Did you know that peanut butter has a day of its own?
I didn’t, but it turns out that it was just last week — Jan. 24.
It’s such a staple in my house that every day is peanut butter day.
Peanut butter has so much to recommend it.
It’s budget-friendly, shelf-stable, and a healthy plant food to include in your diet.
It’s true that its health benefits have been questioned at times given its fat content, but let’s take a look at its entire nutritional profile.
First of all, a peanut is technically a legume being that it grows in the ground; however, the dictionary definition classifies it as a nut.
It also is nutritionally similar to other nuts and is therefore categorized as such.
Peanuts are a plant-based protein that also supply healthy unsaturated fats in our diet. According to the American Heart Association, when it comes to fat, peanut butter is rich in monounsaturated fats, which help reduce your blood cholesterol and contain antioxidant properties.
When comparing the nutrition label of several brands, a standard jar of creamy peanut butter contains, in a 2 Tbsp serving of peanut butter, roughly:
- 180 calories
- 8 grams of protein, the equivalent of 2 ounces (most of us should get 5-6 ounces of protein a day)
- 16 grams of fat
- 5 grams of carbohydrates, with 2 grams coming from naturally occurring sugar
These numbers can vary slightly, depending on the brand.
Choose a brand of peanut butter that fits your taste and budget preferences.
Pay attention to the nutrition label and ingredients list, however.
Natural peanut butter must be at least 90% peanuts, with the only other allowable ingredients being salt, sweeteners, and hydrogenated vegetable oils.
Anything else, such as palm oil (a big clue), flavorings, or other ingredients, would make it a peanut butter spread, even if it does have at least 90% peanuts, according to the National Peanut Board.
While similar nutritionally, they technically don’t meet the FDA’s (Food and Drug Administration’s) definition of peanut butter.
What’s the difference between the peanut butters with the oil on top and those without?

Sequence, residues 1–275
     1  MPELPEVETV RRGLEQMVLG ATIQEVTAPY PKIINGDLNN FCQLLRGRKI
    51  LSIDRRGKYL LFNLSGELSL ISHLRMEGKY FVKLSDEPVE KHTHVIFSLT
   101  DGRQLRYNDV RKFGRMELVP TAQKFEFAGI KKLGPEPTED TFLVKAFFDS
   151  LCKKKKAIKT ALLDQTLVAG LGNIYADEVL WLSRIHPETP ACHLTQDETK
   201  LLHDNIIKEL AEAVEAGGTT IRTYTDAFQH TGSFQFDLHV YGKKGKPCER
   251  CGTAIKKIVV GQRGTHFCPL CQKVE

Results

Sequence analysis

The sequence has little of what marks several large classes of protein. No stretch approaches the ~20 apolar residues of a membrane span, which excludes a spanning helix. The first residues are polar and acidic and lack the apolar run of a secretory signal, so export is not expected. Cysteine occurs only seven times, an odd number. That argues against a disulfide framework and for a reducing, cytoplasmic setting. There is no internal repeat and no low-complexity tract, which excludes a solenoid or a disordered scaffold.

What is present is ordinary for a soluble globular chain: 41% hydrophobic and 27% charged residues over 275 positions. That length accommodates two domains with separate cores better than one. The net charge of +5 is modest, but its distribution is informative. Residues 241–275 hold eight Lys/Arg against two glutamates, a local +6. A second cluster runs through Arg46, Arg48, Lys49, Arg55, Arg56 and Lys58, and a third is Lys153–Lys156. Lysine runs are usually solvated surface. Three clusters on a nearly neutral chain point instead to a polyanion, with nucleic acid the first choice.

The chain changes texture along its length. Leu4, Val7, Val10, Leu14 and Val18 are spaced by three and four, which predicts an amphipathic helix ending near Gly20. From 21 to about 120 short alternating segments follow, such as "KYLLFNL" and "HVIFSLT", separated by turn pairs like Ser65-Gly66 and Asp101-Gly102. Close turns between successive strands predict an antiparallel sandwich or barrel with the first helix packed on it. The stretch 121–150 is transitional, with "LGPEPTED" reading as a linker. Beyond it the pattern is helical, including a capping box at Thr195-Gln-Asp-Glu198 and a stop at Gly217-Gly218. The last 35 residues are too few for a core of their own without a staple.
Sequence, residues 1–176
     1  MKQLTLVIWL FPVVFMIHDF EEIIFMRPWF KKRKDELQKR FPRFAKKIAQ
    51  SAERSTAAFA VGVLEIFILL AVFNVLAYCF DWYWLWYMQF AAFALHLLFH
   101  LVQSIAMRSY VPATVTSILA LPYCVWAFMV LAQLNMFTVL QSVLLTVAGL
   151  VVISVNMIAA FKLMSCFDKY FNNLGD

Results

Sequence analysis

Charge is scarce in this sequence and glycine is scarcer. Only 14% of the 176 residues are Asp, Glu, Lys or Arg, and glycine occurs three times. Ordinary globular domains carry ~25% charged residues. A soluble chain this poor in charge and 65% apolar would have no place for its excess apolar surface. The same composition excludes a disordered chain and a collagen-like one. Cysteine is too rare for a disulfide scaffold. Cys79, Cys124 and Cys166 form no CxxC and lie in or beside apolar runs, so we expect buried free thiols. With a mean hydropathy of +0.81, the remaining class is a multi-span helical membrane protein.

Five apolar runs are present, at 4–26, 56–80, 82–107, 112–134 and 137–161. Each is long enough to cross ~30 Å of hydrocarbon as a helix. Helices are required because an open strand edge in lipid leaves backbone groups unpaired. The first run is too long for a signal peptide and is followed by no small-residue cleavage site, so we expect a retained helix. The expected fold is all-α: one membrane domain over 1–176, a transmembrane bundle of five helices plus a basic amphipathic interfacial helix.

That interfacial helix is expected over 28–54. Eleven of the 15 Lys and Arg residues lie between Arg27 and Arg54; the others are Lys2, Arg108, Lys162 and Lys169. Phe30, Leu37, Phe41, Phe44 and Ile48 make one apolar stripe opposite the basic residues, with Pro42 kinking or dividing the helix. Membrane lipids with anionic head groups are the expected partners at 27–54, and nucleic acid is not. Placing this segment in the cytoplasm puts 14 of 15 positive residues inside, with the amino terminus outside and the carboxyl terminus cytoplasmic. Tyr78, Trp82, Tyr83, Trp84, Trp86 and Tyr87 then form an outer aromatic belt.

The hydrogenated oil, such as cottonseed, rapeseed, soybean, or palm oil, prevents the natural oils in peanuts from separating and rising to the top of the jar, and extends the shelf life.
If you prefer the type of peanut butter with the oil on top, then it won’t have this hydrogenated oil (and therefore, has less ingredients, usually only peanuts and a dash of salt).
One tip to reduce the stirring: store the jar upside down in the refrigerator.
Peanut butter has countless recipe options from breakfast to dinner, sweet to savory.
- Pairing peanut butter with apples, pears, whole wheat crackers or celery, creates great snack combinations that include plant-based protein and complex carbohydrates.
- You can boost this nutritional combo with additional antioxidants and other micronutrients by sprinkling flax, chia or pumpkin seeds on top of your nut butter for an added crunch.
- Adding peanut butter to granola bar recipes provide a sweet and salty combination while giving your snack bars a chewy yet crunchy texture.
- Peanut soup, sauces and dressings are a great swap for your traditional cream or milk-based staples, which typically contain high amounts of fat with little nutritional value.
- Peanut butter cookies are a quick and easy treat to satisfy a sweet-tooth craving.
Of course, not everyone enjoys, or is able to eat, peanut butter.
If you prefer nut butter with a lighter taste, you can use cashew or walnut butter; walnuts are actually a good source of omega-3 fatty acids, which supports brain health.
For those with a nut allergy, some suitable alternatives to nut butter include sunflower seed butter, flax seed butter or even tahini, which has grown in popularity and is nutritionally similar to peanut butter.
Just be cautious, as the tastes of these substitutes are very different.
If you have the time and own a high-powered blender or food processor, you can even make your own nut butter.
Just choose your favorite type of nut, such as peanut, almond or pistachio (or combine them for a fun flavor combination!)
It’s easy but can take a bit of time; some nuts blend up easier than others.
If you make it yourself, you can even flavor your nut butters with cocoa, vanilla, cinnamon, salt and/or sweetener of choice to suit your taste.
Toast them in the oven for about 10 minutes for deeper flavor prior to processing.
Shari Bresin is the Family & Consumer Science Agent for the University of Florida/Institute of Food and Agricultural Sciences Cooperative Extension Pasco County.
Pasco County Extension Intern, Syreeta McDonald, contributed to this column.
Homemade Nut Butter, courtesy of University of Illinois Extension:
2 ½ cups nuts
Yield: 1 ½ cup nut butter
In a 7-cup food processor with the chopping blade attached, pour nuts into work bowl.
Press the on button to process continuously.
Process until smooth and creamy, about 2 minutes to 3 minutes.
Transfer to bowl, cover and refrigerate.
Published February 08, 2023